Life-threatening course of pemphigus vulgaris complicated by sepsis caused by azathioprine-induced bone marrow suppression, successfully managed with combination therapy

Authors

  • Martin Tichy,

    Corresponding author
    1. Department of Dermatology and Venereology, Faculty of Medicine and Dentistry, Palacky University and University Hospital, Olomouc, Czech Republic
    • Address correspondence and reprint requests to: Martin Tichy, MD, PhD, Head of Department of Dermatology and Venereology, Faculty of Medicine and Dentistry, Palacky University and University Hospital, I. P. Pavlova 6, 775 20 Olomouc, Czech Republic, or email: tichy.martin.jun@fnol.cz.

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  • Jaroslav Urbanek,

    1. Department of Dermatology and Venereology, Faculty of Medicine and Dentistry, Palacky University and University Hospital, Olomouc, Czech Republic
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  • Jan Sternbersky,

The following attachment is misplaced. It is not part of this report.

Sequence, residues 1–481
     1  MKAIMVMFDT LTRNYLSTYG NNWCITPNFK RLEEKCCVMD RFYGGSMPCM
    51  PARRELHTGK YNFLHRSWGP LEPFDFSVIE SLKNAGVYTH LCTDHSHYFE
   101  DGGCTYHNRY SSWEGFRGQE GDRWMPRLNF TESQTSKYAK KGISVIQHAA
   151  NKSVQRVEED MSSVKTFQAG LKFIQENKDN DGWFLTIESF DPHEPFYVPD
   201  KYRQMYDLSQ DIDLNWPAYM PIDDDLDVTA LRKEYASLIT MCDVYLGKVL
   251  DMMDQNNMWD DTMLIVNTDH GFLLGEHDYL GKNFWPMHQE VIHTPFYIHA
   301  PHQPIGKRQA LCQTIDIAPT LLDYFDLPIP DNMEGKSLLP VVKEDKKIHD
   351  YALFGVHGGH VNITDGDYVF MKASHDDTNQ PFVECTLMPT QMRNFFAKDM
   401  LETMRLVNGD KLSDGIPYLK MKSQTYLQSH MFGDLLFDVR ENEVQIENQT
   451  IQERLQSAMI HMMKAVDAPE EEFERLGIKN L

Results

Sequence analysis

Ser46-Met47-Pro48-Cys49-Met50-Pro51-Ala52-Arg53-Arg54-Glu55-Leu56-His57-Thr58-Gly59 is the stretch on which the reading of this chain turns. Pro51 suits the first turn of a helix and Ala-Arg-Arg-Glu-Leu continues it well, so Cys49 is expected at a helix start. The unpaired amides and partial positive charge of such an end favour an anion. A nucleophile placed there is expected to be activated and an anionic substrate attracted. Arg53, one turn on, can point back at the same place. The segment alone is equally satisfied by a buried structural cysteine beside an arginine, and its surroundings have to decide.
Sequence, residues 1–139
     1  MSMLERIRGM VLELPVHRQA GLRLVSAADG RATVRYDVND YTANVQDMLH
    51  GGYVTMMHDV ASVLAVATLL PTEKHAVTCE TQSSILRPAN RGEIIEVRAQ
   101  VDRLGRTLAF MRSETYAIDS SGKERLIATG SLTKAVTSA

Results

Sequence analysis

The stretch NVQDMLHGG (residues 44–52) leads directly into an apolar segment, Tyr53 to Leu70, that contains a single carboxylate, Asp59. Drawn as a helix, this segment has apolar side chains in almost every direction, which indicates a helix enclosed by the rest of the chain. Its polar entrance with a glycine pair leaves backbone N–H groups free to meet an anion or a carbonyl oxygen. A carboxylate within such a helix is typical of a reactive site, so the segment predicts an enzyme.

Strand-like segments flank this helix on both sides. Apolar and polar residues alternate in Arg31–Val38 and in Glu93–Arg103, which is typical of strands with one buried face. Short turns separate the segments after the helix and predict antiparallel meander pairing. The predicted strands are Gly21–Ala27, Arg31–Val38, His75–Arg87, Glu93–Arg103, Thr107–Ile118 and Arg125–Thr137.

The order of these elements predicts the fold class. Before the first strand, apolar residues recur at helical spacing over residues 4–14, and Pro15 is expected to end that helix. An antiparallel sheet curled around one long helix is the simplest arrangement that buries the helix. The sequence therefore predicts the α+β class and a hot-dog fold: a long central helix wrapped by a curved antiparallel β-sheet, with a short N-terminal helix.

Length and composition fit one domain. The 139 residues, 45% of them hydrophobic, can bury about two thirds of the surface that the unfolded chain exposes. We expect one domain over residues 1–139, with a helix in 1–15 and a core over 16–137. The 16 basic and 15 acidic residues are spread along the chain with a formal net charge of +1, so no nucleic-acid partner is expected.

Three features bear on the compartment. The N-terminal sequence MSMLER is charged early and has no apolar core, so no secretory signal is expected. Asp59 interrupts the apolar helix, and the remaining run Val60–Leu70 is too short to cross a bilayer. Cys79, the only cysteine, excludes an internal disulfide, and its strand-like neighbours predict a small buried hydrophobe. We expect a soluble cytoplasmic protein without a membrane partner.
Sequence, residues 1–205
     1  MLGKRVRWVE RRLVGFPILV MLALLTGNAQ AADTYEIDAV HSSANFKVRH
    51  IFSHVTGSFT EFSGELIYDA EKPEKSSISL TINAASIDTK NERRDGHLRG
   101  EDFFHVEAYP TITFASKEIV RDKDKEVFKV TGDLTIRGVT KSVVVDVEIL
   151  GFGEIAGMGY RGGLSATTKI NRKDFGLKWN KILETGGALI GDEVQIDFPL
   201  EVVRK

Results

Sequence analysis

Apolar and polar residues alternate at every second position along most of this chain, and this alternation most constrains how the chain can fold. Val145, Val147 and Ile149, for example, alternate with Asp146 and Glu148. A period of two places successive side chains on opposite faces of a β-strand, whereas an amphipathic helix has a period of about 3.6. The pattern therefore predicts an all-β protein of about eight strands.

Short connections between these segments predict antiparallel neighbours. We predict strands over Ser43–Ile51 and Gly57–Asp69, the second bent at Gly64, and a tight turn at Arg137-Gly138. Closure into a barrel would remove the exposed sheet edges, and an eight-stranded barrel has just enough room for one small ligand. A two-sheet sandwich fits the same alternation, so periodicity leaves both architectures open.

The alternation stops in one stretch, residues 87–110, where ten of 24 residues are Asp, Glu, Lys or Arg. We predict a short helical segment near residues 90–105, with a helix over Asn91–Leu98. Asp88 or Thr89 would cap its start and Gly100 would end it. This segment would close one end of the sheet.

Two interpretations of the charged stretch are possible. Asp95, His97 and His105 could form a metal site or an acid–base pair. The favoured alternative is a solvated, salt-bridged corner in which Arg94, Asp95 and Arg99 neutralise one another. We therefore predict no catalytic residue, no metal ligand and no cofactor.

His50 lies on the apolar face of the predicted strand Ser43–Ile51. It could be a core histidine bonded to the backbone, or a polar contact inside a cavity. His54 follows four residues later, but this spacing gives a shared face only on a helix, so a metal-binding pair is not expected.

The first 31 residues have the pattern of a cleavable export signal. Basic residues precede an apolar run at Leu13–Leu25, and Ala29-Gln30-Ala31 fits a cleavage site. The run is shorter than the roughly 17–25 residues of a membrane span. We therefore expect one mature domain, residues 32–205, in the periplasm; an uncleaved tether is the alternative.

1. Department of Dermatology and Venereology, Faculty of Medicine and Dentistry, Palacky University and University Hospital, Olomouc, Czech Republic
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  • Dagmar Ditrichova,

    1. Department of Dermatology and Venereology, Faculty of Medicine and Dentistry, Palacky University and University Hospital, Olomouc, Czech Republic
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  • Jana Hercogova

    1. Department of Dermatovenereology, 2nd Faculty of Medicine, Charles University, Bulovka Hospital, Prague, Czech Republic
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Abstract

Severe forms of pemphigus vulgaris (PV) that are resistant to standard treatment present a life-threatening disease with a mortality of 5–10%. The treatment is usually individualized. The most popular procedures used today include intravenous applications of immunoglobulins and rituximab. Currently the common use of pulse corticosteroids, often in first-line treatment, is being neglected. This particular case documented the severity of the disease and also the need for combined and comprehensive care, in which corticosteroid pulse therapy still plays an important role.

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